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Submitted by Michelle Guillot
Acting is in His Blood
By Mark Breen
Picturegoer Weekly, September 25, 1937
The famous young Viennese actor Anton Walbrook, now playing in British films, makes some interesting disclosures.
When a fellow's ancestors have been actors for three hundred years at least, something gets into the blood. It happened in the case of Anton Walbrook.
He told me all about it this week, as we sat talking in a house he has taken in a quiet corner of Chelsea.
"I had no idea my family had such a long connection with the stage," he said in his excellent English with the pleasant soft accent of the cultured Austrian. "My father himself did not know. He had been left an orphan at a very early age, and had been adopted by a musician, but at seven he joined a circus and subsequently became a famous clown.
"Oddly enough, although I was practically born in the circus and had been brought up in that atmosphere, I had no interest in it. I wanted always to go to the theatre - that was my only thought.
"One day a few years ago an authority on theatrical history wrote me asking of I were the son of Adolph Wohlbruck the clown; and on hearing that I was he told me I belonged to a family of theatre folk stretching back over three centuries - which did to some extent explain my hankering for the footlights rather than the sawdust.
"He unearthed some distinguished people among my forbears. One great-grandfather, it appears, had composed the libretti of operas by Marschner and Karl Maria von Weber. Ida Schuselka-Wohlbruck, a great-great-great (or so!) grandmother, had been the first Austrian woman to go to France and establish her own theatre, and so on."
He paused, leaning back in his high backed oak chair and gazing before him as if envisaging that long, long line of entertainers of which he is such a worthy scion.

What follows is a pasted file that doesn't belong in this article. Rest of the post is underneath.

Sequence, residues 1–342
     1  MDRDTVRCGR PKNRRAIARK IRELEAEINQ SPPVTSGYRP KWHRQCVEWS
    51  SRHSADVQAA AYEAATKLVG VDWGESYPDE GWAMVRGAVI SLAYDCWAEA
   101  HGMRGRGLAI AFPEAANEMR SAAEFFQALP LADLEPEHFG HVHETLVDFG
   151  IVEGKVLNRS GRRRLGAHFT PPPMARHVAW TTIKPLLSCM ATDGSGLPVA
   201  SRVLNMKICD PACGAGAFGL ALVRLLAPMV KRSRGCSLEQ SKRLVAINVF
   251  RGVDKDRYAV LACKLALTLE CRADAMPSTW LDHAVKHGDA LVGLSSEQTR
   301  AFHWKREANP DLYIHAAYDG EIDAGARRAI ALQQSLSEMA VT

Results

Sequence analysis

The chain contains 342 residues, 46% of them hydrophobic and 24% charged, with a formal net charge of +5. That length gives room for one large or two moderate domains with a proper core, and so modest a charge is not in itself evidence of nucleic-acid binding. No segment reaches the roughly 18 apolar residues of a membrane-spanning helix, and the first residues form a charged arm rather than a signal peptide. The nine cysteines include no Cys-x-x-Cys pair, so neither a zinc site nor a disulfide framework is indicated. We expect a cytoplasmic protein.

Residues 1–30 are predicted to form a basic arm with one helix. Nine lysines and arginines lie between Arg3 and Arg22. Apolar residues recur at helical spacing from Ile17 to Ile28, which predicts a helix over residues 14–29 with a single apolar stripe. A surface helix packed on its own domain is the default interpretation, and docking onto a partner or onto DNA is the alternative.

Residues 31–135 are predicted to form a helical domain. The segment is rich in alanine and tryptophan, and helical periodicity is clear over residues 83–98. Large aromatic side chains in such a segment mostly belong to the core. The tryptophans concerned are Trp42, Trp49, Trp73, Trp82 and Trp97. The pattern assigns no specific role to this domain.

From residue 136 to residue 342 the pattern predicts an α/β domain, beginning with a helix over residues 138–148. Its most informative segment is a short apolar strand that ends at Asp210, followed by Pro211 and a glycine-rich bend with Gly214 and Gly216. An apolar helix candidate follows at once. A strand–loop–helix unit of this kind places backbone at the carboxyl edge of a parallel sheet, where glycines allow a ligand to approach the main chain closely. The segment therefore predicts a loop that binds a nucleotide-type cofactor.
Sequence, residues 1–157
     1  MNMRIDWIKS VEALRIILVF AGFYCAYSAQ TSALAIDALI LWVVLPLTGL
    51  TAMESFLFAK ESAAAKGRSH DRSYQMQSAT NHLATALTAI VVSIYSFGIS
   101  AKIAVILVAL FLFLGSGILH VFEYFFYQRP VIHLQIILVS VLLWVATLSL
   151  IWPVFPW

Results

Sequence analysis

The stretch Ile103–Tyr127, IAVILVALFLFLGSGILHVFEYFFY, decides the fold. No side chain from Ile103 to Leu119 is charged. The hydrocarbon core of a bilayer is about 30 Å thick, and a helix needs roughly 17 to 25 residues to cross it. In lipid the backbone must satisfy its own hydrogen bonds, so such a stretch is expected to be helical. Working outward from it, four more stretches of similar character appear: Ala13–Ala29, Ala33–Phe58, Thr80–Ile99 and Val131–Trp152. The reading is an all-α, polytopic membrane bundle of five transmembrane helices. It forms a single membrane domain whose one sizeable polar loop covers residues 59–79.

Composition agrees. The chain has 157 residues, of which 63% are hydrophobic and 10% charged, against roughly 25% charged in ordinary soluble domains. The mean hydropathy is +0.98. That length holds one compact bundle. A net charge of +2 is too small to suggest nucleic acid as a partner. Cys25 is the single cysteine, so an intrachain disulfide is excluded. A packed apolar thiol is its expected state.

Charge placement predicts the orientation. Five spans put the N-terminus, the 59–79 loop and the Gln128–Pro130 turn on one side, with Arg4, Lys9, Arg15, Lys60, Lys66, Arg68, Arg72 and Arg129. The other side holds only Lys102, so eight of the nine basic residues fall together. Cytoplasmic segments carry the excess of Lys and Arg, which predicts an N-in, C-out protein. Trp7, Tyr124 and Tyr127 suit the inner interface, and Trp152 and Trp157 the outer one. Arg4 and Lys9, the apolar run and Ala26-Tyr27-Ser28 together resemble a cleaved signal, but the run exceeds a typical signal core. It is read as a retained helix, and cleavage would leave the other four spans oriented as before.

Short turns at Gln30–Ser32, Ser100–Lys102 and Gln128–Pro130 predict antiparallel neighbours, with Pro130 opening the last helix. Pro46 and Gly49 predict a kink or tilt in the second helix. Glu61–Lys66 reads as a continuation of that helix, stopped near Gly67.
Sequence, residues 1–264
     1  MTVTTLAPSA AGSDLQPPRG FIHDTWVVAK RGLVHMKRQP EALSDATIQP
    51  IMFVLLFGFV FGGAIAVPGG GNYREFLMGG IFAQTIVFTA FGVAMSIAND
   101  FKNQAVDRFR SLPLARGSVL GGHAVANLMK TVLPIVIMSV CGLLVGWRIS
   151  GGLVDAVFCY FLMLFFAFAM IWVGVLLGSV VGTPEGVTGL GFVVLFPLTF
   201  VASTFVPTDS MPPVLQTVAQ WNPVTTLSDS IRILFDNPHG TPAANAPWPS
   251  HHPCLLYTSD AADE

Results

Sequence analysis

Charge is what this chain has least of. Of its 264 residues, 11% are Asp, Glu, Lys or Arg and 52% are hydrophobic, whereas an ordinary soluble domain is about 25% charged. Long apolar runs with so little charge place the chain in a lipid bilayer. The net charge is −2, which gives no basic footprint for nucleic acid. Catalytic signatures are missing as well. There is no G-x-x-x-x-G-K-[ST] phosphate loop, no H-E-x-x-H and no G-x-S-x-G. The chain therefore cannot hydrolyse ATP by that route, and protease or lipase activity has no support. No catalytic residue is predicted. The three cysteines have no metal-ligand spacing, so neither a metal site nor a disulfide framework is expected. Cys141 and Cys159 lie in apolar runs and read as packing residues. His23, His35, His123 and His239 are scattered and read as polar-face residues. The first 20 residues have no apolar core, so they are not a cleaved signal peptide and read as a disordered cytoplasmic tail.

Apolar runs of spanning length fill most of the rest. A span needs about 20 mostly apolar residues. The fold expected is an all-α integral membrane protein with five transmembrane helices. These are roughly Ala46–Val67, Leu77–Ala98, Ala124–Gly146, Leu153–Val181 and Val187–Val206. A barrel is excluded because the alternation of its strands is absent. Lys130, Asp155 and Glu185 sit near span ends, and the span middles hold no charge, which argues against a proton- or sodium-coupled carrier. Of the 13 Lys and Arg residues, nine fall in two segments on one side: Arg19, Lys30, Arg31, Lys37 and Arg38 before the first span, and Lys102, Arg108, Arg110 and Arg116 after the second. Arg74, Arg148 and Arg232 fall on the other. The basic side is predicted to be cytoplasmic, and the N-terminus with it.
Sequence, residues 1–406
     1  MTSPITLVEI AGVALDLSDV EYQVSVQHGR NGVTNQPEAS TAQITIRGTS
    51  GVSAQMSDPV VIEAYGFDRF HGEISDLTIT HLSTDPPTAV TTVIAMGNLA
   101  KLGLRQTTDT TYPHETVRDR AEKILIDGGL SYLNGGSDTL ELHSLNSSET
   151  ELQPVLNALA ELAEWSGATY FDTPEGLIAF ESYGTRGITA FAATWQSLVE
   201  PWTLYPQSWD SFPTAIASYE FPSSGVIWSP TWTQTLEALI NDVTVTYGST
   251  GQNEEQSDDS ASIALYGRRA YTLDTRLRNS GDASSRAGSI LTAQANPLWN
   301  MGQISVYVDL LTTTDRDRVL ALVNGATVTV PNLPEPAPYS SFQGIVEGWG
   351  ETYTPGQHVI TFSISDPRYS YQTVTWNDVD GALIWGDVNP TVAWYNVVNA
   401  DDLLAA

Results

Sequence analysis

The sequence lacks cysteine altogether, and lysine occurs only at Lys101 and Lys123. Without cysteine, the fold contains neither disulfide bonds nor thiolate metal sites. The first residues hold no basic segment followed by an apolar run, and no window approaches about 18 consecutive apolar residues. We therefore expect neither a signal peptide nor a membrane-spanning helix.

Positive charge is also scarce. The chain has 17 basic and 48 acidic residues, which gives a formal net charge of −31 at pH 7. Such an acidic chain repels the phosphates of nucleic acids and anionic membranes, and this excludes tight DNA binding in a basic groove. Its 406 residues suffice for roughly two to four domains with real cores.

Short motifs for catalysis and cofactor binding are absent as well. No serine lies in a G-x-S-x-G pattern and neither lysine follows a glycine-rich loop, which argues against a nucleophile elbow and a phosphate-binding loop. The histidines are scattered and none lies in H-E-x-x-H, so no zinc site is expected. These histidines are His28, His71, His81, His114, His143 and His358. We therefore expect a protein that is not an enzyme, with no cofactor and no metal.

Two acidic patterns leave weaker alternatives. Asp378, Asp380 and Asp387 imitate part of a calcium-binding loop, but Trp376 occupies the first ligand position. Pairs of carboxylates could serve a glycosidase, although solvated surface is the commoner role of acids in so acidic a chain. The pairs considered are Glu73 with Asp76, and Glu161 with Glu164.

A picturesque figure he looked, in an open-necked shirt and a blue corduroy-velvet jacket; a handsome fellow, too - but there is something about him which has nothing to do with his looks. He has an air of natural courtesy, a quick sensitivity, a ready intelligence, a warm sympathy. I found him pleasantly easy to interview.
"And you were successful in keeping out of the circus ring?" I pursued.
"Oh, yes! As soon as I left school - at about fifteen - I went on the stage; and there I have been fortunate."
Fortunate! He has succeeded in making himself one of the most illustrious Continental actors, if that's what he calls being fortunate.
"But the circus dogged me," he went on whimsically: "my very first film, about five and a half years ago, was a circus picture, Salto Mortale, directed by E. A. Dupont."
"And featuring Anna Sten," I remembered.
"Yes. It did me no good - no good at all!"
Indeed, he does not seem to have come into his own in the film world until he played opposite Paula Wessley in Maskerade, which took Europe by storm, and attracted the attention of Hollywood. But even then, when MGM made an English-speaking version of it, called Escapade, they didn't invite Adolf Wohlbruck (as he was then) to participate, but tossed the plum role to William Powell.
Then Wohlbruck starred in The Student of Prague, and again Hollywood sat up and took notice, but the young man had no English to speak of - or to speak - and somehow he stayed in Europe.
Then came the German and French versions of Michael Strogoff, in both of which Wohlbruck played the title role, and by this time Hollywood's resistance was reduced to nil. Radio decided to make an English-speaking version and they decided to have the actor who had already done so well in the other two versions.
"I'm afraid I didn't see it," I confessed. "It isn't quite my type of picture."